Friday, 11 July 97 Washington, DC
1.MARS: COCKER SPANIEL-SIZED ROBOT UPSTAGES MIR AND
At the root of NASA's emphasis on humans in space
has been the conviction that the American people would not
support a space program sans astronauts. That theory was
exploded over the 4th of July weekend -- NASA's web page on
Pathfinder (officially renamed "Sagan") sustained a record 100
million hits. While Sojouner was browsing among the boulders 120
million miles from Earth, Columbia and Mir were skimming the
upper reaches of our atmosphere, dodging refuse left behind by
hundreds of previous missions. On Columbia, they are still
setting fires (WN 4 Jul 97) and
working on alloys that NASA says could lead to better golf clubs.
Yawn! On Mir, they're just trying to stay alive.
2. COMPREHENSIVE TEST BAN: HOUSE TRIES TO GET THINGS MOVING.
More than 140 nations have signed the treaty including Russia,
China, the UK and France. But the White House hasn't even sent
it to the Senate. It's been 34 years since President Kennedy
halted atmospheric tests and declared the start of negotiations
to end all testing. President Clinton signed the CTBT last
September, but has never sent it to the Senate for ratification.
To get the Chemical Weapons Convention through the Senate, the
President had to make tons of separate deals with hold outs (28 Mar 97), and rumors are flying that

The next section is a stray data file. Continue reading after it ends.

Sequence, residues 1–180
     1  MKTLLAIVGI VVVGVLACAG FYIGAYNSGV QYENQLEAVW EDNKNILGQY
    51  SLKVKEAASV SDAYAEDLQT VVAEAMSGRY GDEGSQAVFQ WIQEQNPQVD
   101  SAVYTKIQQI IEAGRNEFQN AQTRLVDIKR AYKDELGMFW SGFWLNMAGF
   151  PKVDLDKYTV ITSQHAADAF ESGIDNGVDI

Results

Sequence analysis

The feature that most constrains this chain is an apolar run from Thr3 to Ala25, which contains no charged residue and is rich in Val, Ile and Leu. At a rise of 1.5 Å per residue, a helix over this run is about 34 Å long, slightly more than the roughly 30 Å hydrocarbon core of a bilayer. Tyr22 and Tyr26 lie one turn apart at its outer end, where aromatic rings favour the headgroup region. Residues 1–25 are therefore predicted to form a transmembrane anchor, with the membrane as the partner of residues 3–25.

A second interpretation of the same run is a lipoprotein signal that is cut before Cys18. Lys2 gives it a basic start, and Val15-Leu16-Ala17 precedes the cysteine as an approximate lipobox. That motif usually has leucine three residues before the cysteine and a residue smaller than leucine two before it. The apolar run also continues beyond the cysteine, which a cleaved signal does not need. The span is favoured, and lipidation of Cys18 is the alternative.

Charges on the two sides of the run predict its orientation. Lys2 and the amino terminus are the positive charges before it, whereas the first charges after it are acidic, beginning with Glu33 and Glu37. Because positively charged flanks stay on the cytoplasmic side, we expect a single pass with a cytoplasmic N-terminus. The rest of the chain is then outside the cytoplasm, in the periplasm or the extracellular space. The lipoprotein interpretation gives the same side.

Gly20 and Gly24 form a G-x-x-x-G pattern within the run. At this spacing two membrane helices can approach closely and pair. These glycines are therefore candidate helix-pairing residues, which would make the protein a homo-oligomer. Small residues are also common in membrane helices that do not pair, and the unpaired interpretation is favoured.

Senators are lining up for a new round of favors. The only action
seems to be in the one body that has no official role, the House
of Representatives. Ellen Tauscher (D-CA) is leading the effort
to get the President to send the CTBT to the Senate and declare a
moratorium on tests until the treaty takes effect. Meanwhile, 45
House Democrats signed a letter urging the President to cancel a
series of subcritical experiments planned for the Nevada test
3. WHAT'S NEW BIRTHDAY: IN 13 YEARS, THE ISSUES HAVEN'T
The first WN was dated 29 June 1984. One of the
first stories dealt with a campaign for a Comprehensive Test Ban
Treaty (WN 27 Jul 84). The
campaign was led by Glenn Seaborg and officially began on 6
August 1984 -- the 40th anniversary of Hiroshima.
4. THE BUDGET: WHERE IS GRIDLOCK WHEN WE REALLY NEED IT?
Now that everyone has agreed that the budget must be balanced by
2002, the booming economy is threatening to do the job by next
year. The only thing standing in the way could be the balanced
budget agreement being negotiated between congressional leaders
and the White House, but it's not clear the generals can control
their troops. "Congress will not be a rubber stamp for the
budget agreement," according to John Porter (R-IL), chair of the
House HHS Appropriations Subcommittee, "In this country we don't
govern by leadership agreement." "If we did nothing," according
to Rep. Ed Markey (D-MA), "the budget would balance itself."